First, over the years many mobile-home parks have been very good investments. The barrier to entry here is that most people don’t want a mobile-home park next to their conventional home. Because it is difficult to receive approval for a mobile-home park, those already in existence may be able to achieve above-average pad-rental increases and higher returns for investors. You may not want to talk about this investment at a cocktail party, but you may be very pleased with the cash flow generated.
It is possible to participate in this industry through the direct ownership of a mobile-home park, a partnership interest in a park or a REIT concentrating on so-called manufactured housing.
Second, my company, Essex Investment Group, this month will open a Marriott Courtyard in Scranton, Pa. The development that contains our project has the capability for additional hotel sites. But we have obtained exclusive rights to any such hotels. While this strategy may not totally prevent additional hotels from being built in the immediate neighborhood, it certainly goes a long way toward eliminating at least some potential competition.
A third example of barriers to entry is Home Properties of New York Inc., a Rochester-based REIT that concentrates on the apartment market. Now it is true that any major real estate developer can build an apartment project, so there is not a barrier to entry in the traditional sense. However, Home Properties is the only apartment REIT concentrating in Central and Upstate New York.
This part of the country may not have the same perceived growth rate as Texas, Florida or Atlanta, but it does have reasonable growth and a shortage of competition in the REIT market. High-growth areas of the country tend to have more than one apartment REIT, and these entities tend to compete with each other for properties, sometimes paying too much for acquisitions.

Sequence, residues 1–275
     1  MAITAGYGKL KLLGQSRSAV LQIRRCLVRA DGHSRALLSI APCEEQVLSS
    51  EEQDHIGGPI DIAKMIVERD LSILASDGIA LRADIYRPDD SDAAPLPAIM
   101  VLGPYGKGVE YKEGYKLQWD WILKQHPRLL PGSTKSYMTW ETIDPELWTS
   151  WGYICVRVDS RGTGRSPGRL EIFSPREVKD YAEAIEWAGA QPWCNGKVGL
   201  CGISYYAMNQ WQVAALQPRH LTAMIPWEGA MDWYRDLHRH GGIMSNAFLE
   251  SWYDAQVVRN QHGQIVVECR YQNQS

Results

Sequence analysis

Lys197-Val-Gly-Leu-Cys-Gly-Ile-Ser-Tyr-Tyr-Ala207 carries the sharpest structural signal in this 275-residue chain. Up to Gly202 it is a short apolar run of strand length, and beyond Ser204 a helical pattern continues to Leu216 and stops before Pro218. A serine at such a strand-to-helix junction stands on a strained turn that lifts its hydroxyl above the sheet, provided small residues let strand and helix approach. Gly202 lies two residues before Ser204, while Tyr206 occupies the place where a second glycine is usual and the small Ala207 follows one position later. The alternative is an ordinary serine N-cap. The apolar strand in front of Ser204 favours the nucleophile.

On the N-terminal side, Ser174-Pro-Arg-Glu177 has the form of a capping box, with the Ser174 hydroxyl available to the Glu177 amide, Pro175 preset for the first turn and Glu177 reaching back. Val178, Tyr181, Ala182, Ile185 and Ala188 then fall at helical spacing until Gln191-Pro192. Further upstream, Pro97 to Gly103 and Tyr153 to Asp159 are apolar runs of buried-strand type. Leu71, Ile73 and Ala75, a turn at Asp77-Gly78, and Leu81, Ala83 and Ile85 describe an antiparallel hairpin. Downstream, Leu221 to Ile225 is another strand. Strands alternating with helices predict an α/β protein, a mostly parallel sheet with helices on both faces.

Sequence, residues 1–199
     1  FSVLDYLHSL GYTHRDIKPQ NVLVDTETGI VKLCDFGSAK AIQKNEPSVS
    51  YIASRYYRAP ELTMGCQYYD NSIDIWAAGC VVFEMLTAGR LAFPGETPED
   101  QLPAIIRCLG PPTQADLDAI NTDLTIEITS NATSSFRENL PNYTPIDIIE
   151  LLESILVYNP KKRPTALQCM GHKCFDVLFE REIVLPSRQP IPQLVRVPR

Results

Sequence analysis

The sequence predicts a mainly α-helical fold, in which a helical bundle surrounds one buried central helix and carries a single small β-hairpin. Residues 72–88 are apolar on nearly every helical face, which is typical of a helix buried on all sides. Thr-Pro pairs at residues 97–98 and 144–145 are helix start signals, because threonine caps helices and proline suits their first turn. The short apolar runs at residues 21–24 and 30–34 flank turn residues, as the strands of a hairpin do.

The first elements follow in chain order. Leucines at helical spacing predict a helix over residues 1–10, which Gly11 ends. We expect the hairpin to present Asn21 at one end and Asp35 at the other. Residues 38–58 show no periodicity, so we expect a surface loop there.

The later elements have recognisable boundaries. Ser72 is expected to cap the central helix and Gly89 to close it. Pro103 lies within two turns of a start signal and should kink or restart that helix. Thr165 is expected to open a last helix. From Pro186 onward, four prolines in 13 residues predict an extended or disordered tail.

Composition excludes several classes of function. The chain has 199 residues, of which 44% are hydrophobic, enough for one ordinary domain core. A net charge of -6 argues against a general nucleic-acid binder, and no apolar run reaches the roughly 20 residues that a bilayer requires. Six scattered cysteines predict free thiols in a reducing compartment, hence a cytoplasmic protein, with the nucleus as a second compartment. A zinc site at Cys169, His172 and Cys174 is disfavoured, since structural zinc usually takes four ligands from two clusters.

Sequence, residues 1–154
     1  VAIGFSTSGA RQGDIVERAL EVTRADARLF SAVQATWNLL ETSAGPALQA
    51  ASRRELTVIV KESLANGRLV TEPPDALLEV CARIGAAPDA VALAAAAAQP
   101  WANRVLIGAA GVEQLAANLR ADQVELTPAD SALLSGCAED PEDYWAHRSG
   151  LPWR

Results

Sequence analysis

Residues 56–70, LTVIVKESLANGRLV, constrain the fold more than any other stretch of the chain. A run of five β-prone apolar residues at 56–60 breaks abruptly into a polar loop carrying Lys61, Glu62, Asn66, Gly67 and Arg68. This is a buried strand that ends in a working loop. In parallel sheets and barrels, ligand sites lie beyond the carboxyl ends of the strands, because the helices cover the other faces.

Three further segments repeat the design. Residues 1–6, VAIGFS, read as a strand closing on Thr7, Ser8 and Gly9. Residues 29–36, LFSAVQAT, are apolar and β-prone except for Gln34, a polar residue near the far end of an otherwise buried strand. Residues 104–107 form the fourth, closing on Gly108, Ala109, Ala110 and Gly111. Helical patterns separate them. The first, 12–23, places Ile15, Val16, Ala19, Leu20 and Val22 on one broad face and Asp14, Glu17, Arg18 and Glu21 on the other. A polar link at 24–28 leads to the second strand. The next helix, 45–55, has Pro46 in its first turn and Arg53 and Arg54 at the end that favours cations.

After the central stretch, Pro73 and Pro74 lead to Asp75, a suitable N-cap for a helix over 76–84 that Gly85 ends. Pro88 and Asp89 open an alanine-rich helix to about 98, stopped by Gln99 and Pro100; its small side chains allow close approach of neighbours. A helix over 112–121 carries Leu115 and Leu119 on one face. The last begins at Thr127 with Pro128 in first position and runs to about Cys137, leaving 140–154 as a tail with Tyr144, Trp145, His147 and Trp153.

Home Properties, with an initial capital base of more than $100 million–and an expected increase in that total through a secondary stock offering–is the only major buyer of apartment projects in this region with that type of capital base. The barrier to entry here is that there is only one apartment REIT in this part of the country. It is also very unlikely that another apartment REIT will be created in this market, so Home Properties could have this niche for some time. Maybe this is why Home Properties as of May 20 had provided a year-to-date return to investors of 23.9 percent.
In conclusion, I believe the next slowdown may not be as severe as some expect, because some discipline has been injected into the industry. Also, I believe that if you concentrate your portfolio on segments that are both well-managed and have reasonable barriers to entry to limit new supply, your chances for success may be quite good.
(John Mooney is president of Essex Investment Group Inc., a diversified financial-services firm and real estate developer.)